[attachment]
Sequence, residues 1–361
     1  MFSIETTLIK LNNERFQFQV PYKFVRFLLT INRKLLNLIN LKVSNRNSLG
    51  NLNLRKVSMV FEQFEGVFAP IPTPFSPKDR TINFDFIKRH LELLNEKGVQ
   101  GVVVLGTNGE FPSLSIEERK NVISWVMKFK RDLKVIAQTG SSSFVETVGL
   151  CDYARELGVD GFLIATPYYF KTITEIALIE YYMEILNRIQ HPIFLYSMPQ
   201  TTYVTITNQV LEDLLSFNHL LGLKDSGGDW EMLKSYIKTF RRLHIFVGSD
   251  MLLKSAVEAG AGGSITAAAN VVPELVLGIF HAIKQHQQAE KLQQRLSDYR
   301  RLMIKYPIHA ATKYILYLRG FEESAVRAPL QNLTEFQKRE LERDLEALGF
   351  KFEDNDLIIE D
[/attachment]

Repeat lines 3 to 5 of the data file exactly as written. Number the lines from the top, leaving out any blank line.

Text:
    51  NLNLRKVSMV FEQFEGVFAP IPTPFSPKDR TINFDFIKRH LELLNEKGVQ
   101  GVVVLGTNGE FPSLSIEERK NVISWVMKFK RDLKVIAQTG SSSFVETVGL
   151  CDYARELGVD GFLIATPYYF KTITEIALIE YYMEILNRIQ HPIFLYSMPQ